In this map, the orange places are those that face the highest pressure from humans. The blue areas face the least pressure.
In this map, the orange places are those that face the highest pressure from humans. The blue areas face the least pressure.

This map shows where humans' impact on the environment increased or decreased from 1993 to 2009.
This map shows where humans' impact on the environment increased or decreased from 1993 to 2009.


- In 1993, just 27 percent of the land had no measurable human footprint. By 2009, that had grown by 9.3 percent, or 23 million square kilometers.

- While population increased by 23 percent, the average score for the human footprint increased by just 9 percent.

- During that same 16-year period, the global economy has grown 153 percent, 16 times the rate of footprint growth.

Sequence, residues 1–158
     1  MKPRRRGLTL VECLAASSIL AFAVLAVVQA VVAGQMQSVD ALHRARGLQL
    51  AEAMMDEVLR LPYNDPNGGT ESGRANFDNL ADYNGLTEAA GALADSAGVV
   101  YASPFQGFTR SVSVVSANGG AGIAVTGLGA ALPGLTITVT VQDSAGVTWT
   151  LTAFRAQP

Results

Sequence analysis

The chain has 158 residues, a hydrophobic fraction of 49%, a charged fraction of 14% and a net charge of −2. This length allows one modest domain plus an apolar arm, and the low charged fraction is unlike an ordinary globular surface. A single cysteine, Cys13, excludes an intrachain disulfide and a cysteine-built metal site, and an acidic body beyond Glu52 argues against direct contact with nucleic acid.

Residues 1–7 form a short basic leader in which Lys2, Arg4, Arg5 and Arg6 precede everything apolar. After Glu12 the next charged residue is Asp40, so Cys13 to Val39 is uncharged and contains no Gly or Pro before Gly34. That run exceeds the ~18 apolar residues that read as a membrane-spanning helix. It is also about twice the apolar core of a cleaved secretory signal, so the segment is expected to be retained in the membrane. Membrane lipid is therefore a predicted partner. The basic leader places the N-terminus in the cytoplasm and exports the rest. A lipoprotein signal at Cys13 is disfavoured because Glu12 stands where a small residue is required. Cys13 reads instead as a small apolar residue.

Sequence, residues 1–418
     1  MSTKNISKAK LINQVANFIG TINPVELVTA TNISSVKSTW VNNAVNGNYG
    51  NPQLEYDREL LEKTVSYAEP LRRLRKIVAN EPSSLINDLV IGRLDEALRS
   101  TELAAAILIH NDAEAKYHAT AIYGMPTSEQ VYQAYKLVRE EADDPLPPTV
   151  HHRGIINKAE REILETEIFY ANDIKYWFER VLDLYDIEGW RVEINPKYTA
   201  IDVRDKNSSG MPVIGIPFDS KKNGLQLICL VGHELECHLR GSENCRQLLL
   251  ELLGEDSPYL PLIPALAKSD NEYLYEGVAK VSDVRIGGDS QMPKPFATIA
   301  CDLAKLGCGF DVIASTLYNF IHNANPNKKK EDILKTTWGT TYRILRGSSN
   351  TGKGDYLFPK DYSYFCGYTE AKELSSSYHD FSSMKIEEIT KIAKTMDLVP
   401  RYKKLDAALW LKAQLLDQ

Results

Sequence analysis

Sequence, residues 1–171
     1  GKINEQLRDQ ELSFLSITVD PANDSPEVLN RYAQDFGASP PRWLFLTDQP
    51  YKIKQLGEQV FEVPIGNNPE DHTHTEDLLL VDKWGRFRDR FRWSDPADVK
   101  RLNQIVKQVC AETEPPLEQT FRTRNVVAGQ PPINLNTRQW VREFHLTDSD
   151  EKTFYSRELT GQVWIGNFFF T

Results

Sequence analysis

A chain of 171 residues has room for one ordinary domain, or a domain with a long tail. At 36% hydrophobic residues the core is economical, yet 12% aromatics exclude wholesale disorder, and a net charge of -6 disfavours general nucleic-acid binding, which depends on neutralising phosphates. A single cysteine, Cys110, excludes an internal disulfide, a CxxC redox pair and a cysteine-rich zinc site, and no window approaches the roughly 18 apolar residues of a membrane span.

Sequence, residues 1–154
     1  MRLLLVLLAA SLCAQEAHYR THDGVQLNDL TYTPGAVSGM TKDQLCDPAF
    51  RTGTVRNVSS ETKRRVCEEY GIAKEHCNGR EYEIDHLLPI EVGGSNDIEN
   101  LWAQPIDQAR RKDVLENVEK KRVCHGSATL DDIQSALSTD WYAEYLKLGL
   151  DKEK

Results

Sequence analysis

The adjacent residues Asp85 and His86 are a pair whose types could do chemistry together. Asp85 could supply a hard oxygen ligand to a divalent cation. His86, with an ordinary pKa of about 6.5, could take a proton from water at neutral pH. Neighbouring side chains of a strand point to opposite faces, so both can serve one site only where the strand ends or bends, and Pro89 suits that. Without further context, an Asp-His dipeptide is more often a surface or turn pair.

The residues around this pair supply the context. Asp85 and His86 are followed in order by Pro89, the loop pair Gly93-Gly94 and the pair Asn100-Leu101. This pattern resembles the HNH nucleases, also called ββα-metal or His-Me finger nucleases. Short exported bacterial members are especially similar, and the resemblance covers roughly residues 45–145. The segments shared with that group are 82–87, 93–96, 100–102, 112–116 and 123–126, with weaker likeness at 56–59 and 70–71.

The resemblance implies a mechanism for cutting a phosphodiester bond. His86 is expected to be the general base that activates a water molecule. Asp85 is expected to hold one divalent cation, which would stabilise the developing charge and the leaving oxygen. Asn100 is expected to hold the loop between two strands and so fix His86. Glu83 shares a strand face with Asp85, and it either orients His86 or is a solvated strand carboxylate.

- The footprint more than doubled in areas such as the New Guinea mangroves and the Purus Varzea rain forest in the Amazon, and it jumped more than 1,000 percent in the Baffin coastal tundra. The Torngat Mountain tundra saw an increase of more than 10,000 percent.


Via nationalgeographic.com


Related posts:
Ecological footprint
The ecological wealth of nations
Share on Google Plus

Alex E

Ecoclimax is defined by Odum (1969) as the culmination state after a succession in a stabilized ecosystem in which maximum biomass (or high information content) and symbiotic function among organisms is kept per unit of available energy flow.